Around 15% to 20% of pregnancies end in miscarriage. That includes known pregnancies. The number is likely higher due to early miscarriages that happen before a woman even knows she’s pregnant. Most occur between week 7 and week 12 after the last menstrual cycle.
Signs of Miscarriage
Vaginal bleeding is the most common sign of a miscarriage. It can be heavy or appear as light red or brown spotting. You may even mistake it for your period if it is early in the pregnancy. You may also experience:
- Fluid coming from the vagina
- Pain that can range from period cramps to strong contractions
- Pregnancy tissue or blood clots passing from the vagina
If you believe you may be miscarrying, you should contact your doctor right away. There is no official procedure for registering a miscarriage that happens before 24 weeks. Some hospitals may provide a certificate and/or offer funeral services.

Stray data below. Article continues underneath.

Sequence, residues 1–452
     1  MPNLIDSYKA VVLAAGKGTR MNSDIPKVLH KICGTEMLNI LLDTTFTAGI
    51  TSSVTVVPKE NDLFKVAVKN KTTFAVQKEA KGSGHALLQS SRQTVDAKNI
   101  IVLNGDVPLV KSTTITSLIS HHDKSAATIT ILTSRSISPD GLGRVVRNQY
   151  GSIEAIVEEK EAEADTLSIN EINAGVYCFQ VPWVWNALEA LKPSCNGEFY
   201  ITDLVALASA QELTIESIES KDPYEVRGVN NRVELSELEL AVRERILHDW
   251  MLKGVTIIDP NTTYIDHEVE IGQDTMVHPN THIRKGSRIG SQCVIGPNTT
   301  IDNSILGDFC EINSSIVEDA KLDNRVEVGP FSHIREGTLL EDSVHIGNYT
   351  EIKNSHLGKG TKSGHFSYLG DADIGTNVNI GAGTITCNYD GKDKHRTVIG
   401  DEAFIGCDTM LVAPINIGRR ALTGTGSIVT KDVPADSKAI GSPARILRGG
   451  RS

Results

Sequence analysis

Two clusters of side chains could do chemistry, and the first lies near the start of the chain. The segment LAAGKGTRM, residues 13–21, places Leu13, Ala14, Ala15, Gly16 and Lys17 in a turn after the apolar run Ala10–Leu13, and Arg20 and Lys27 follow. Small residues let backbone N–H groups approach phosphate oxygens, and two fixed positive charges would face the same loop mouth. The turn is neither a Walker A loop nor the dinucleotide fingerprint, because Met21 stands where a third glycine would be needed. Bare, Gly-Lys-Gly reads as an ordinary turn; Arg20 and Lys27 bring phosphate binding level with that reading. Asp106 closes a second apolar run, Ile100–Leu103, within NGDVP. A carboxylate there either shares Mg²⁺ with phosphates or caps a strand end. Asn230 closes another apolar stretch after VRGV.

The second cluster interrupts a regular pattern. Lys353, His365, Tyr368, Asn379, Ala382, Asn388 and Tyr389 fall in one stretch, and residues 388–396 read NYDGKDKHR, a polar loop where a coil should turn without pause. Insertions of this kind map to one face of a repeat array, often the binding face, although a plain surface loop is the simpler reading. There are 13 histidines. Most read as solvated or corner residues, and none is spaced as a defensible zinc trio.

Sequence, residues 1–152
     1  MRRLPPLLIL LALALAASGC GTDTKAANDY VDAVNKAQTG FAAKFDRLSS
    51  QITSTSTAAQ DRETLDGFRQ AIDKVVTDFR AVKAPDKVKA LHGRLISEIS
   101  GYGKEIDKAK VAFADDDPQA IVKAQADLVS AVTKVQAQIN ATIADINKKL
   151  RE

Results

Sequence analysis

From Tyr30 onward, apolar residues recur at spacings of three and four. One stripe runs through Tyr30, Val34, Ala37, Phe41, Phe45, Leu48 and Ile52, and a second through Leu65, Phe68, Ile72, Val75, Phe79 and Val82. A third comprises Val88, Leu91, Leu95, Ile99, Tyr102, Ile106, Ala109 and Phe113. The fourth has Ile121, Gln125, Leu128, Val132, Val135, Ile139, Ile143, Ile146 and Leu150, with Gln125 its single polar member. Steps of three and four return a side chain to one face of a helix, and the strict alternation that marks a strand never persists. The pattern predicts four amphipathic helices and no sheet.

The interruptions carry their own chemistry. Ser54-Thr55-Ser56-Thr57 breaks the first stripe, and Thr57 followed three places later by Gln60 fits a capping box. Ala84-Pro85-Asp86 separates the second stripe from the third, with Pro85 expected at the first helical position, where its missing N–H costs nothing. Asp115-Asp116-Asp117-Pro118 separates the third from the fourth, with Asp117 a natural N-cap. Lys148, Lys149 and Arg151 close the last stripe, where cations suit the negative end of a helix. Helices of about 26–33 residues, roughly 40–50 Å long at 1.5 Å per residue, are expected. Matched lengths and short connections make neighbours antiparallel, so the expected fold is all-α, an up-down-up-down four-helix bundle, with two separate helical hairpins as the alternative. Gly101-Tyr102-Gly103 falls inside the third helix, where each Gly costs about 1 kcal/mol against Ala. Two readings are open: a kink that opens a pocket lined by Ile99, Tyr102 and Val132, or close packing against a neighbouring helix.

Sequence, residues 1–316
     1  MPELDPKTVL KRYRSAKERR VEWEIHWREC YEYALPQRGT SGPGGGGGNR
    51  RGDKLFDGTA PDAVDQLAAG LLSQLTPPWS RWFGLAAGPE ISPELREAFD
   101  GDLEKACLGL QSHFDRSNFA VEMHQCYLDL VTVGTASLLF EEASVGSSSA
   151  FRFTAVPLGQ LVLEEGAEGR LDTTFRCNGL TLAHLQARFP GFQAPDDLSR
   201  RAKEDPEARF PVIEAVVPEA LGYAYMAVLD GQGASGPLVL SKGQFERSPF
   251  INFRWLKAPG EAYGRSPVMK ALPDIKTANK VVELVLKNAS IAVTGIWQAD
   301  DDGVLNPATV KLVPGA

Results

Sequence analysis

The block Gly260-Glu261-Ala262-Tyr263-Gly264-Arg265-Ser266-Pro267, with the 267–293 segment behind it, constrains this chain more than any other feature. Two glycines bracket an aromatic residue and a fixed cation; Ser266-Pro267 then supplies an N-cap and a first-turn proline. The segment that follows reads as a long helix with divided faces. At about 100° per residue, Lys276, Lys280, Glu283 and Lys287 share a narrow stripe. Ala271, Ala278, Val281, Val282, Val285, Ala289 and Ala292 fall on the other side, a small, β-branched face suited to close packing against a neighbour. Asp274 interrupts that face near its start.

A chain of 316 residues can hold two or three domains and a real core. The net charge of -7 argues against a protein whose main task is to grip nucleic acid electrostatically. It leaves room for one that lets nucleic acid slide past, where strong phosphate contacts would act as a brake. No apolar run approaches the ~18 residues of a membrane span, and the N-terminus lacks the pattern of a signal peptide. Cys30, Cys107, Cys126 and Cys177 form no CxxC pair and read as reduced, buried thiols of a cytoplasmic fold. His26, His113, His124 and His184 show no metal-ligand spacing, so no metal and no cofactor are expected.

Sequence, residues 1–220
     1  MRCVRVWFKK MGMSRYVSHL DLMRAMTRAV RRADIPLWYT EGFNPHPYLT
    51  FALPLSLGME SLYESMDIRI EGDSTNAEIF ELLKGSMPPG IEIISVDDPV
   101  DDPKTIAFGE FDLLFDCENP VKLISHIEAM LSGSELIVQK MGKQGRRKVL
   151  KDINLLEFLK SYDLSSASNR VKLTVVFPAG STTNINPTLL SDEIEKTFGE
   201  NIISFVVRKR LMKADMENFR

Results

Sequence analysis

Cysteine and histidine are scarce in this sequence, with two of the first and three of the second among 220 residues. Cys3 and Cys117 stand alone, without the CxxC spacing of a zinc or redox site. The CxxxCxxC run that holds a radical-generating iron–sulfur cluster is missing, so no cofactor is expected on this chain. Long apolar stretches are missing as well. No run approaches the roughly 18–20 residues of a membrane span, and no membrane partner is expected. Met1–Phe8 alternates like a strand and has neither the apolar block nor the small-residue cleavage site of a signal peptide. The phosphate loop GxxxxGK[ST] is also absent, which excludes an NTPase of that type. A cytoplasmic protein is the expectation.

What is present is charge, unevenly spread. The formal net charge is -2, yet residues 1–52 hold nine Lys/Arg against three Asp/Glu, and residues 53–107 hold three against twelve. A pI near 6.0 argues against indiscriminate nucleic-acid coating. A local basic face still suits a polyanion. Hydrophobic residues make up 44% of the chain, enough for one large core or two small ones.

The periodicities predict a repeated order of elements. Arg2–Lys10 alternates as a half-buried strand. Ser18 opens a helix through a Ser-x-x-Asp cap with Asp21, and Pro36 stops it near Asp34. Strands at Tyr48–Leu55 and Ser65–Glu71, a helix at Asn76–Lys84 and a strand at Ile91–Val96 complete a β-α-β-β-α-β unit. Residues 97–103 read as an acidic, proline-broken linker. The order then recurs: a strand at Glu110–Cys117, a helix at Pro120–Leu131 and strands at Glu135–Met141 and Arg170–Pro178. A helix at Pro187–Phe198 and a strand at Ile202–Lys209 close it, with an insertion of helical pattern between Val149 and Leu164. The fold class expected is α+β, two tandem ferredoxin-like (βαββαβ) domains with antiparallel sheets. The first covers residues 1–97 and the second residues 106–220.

What If I Miscarry at Home?
Some women have a miscarriage at home before they have the chance to talk to their OB/GYN or get to a hospital. If this happens, use pads to manage any bleeding. Try to save any pregnancy tissue you can. Your obstetrician can test it to sometimes figure out why you miscarried. You should get rest and contact your doctor as soon as you can to see follow up care.
You should be aware that while most of the time, the baby will be too small to identify, there may be situations if you are further along where you recognize it among the tissue that came out during miscarriage. It is normal to want to look at it, and what you decide to do should be left up to what is best for you.
It is best to understand what to do and what your options are before you become pregnant. It’s a situation no woman wants to face, but one that you should be prepared for in case the time comes. If you have questions about miscarriage, let us know. Schedule an appointment now to discuss risk factors that may apply to you.